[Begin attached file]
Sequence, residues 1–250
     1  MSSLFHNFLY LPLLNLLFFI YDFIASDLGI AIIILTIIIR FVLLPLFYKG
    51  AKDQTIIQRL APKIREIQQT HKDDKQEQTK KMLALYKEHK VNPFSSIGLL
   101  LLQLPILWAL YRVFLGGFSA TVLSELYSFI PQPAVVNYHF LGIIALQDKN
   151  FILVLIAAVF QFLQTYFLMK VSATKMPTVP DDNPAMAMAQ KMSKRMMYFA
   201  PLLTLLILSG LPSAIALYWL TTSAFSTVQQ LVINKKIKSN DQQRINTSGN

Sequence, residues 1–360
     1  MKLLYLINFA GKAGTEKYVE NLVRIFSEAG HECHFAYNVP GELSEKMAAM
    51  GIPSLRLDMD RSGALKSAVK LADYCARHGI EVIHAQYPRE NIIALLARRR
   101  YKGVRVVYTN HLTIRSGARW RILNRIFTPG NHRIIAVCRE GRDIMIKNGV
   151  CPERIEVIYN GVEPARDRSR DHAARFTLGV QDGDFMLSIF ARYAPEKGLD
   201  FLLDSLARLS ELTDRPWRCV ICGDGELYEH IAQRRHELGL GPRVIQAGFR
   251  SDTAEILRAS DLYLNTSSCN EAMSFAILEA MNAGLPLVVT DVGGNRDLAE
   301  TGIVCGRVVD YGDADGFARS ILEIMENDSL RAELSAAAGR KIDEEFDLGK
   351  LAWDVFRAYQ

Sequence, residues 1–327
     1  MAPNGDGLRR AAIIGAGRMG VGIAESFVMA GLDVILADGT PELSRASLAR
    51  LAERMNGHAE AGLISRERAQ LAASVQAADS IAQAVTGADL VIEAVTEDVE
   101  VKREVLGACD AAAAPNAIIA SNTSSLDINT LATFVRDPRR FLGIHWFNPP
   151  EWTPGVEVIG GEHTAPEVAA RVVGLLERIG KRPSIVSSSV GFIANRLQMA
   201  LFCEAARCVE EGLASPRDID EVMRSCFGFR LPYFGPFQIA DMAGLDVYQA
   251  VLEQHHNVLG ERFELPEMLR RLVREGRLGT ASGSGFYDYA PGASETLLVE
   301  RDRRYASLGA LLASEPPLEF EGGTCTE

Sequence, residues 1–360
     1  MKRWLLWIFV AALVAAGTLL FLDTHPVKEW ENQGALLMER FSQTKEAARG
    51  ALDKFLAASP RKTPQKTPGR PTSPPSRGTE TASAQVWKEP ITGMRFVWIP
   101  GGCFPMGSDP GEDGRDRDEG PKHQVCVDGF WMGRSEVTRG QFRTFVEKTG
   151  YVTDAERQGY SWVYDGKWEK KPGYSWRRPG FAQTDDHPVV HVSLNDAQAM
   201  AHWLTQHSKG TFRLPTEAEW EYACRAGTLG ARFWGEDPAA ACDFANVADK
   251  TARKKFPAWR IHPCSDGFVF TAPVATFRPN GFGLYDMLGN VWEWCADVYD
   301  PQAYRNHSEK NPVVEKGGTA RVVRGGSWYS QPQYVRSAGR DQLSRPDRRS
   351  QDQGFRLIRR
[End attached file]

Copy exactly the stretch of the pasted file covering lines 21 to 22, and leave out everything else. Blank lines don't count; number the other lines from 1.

   201  LFCEAARCVE EGLASPRDID EVMRSCFGFR LPYFGPFQIA DMAGLDVYQA
   251  VLEQHHNVLG ERFELPEMLR RLVREGRLGT ASGSGFYDYA PGASETLLVE